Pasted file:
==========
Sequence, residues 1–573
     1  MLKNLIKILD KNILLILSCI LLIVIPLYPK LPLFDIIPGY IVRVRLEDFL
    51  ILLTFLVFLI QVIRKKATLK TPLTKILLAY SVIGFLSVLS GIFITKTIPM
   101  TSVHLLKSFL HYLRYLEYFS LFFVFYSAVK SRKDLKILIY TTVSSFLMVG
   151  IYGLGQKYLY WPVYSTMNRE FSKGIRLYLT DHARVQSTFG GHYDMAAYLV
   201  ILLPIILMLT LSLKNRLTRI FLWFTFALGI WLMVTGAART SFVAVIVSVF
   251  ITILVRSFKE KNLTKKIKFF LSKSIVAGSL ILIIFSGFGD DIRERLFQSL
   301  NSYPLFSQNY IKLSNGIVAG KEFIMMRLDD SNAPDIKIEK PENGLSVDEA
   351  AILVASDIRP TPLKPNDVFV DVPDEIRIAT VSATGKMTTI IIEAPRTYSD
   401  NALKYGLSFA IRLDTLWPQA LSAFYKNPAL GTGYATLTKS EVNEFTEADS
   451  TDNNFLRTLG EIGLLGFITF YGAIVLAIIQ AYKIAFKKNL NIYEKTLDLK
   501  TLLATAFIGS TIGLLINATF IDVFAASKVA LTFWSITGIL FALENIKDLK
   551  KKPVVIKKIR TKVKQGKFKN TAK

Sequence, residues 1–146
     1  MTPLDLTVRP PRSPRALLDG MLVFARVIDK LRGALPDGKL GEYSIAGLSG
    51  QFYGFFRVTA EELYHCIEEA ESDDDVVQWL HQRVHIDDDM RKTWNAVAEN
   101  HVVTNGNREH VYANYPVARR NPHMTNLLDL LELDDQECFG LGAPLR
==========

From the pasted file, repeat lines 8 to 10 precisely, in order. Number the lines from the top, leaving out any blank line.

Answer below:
   301  NSYPLFSQNY IKLSNGIVAG KEFIMMRLDD SNAPDIKIEK PENGLSVDEA
   351  AILVASDIRP TPLKPNDVFV DVPDEIRIAT VSATGKMTTI IIEAPRTYSD
   401  NALKYGLSFA IRLDTLWPQA LSAFYKNPAL GTGYATLTKS EVNEFTEADS